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The week after Jessica Chastain won the 2022 Best Performance by an Actress Academy Award, she and Peter Sarsgaard began work on Michel Franco’s micro-budget character study Memory. It was barebones, shot in a downmarket part of Manhattan, with no dressing rooms. Jessica did her own hair, makeup, and wardrobe. She plays Sylvia, a down-on-her-luck, recovering alcoholic single mother of a teen who reluctantly attends a high school reunion. She Meets Saul (Sarsgaard) whom she believes abused her as an adolescent, and rushes away from the party. He follows her and sleeps in front of her house and thus begins a complicated relationship; he has dementia. What She Said’ Anne Brodie attended a Critics Choice news conference with the pair:

Peter Sarsgaard – My wife (Maggie Gyllenhaal) and I saw Jess as Tammy Faye and we hunted her down afterward, she was extraordinary. When I heard she was attached to Memory, I wanted the part.Jessica Chastain – I wanted to work with Michel. He’d never worked in New York before. He has a great sense of place! And he has such a different view of the city and its character. Michel wants to explore the unexplored and unexpected. Then I saw Sylvia’s apartment over a tire store, a side of New York I had never experienced.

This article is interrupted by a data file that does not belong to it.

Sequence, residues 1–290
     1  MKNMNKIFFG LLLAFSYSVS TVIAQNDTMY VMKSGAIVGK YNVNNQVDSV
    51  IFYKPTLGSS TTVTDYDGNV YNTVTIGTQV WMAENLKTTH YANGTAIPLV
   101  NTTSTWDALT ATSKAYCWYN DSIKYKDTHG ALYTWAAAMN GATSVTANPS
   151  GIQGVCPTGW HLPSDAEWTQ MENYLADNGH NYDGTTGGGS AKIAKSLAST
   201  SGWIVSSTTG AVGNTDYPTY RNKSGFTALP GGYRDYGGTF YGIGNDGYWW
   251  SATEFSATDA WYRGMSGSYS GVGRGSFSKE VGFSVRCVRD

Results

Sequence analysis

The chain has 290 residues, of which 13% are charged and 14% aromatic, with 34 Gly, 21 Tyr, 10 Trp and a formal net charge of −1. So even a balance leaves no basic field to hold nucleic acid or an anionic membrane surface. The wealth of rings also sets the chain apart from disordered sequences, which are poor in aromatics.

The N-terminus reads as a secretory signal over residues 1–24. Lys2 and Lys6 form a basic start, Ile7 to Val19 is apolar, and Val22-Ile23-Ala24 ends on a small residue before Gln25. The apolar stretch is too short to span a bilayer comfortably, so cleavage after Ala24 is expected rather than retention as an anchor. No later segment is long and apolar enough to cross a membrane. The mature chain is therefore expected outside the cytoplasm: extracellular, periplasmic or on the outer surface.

PS – The brownstone (near Grenville) was pretty much unchanged from what we found in it. A rower was removed and the rest of it was great, the photos and books. There was a photo of the deceased wife who also has red hair. When you attach yourself to real life, it’s kismet.Jessica Chastain – I knew Michel’s work and that he can go quite dark. I got to the scene of Saul and Sylvia in the park, this is a reaction to the #MeToo era of revenge films, the women causing havoc on everyone, and as I turned the page, Michel goes against expectations for cliches and with each page and each scene I didn’t know what was going to happen next. He never let me know ahead of time, he doesn’t want people to know anything about the film before they see it, to walk in with an open mind.

PS– I try to work with people I think I will have a connection with, like this. I stopped reading after a scene, put it down for a minute, and thought, that’s a bummer, but I wanted to play that guy. And when I started reading it again the character came alive for me and it was like “Oh no, I have to do this”. As for me as an artist, what do I have to express now? His is a good place for me to experience what I have to know. If this is a guy who is close to me, it’s not easy, it’s so difficult. It doesn’t work out as well as this.JC -I was never thinking about the audience for this project. I was only thinking about what Sylvia knew. She is such an island, didn’t open up and think about others. It’s a strange thing to say. She doesn’t have the privilege of thinking about others. She’s moving into a place of survival and protecting her child in a world she thinks is out to get her. I think of her only from this point of view.